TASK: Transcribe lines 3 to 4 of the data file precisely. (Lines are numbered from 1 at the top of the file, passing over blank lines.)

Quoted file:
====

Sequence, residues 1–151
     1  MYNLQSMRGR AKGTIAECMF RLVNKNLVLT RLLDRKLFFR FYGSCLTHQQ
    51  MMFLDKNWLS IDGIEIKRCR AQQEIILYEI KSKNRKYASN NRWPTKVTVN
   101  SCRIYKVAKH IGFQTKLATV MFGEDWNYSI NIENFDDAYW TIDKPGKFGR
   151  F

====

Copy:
    51  MMFLDKNWLS IDGIEIKRCR AQQEIILYEI KSKNRKYASN NRWPTKVTVN
   101  SCRIYKVAKH IGFQTKLATV MFGEDWNYSI NIENFDDAYW TIDKPGKFGR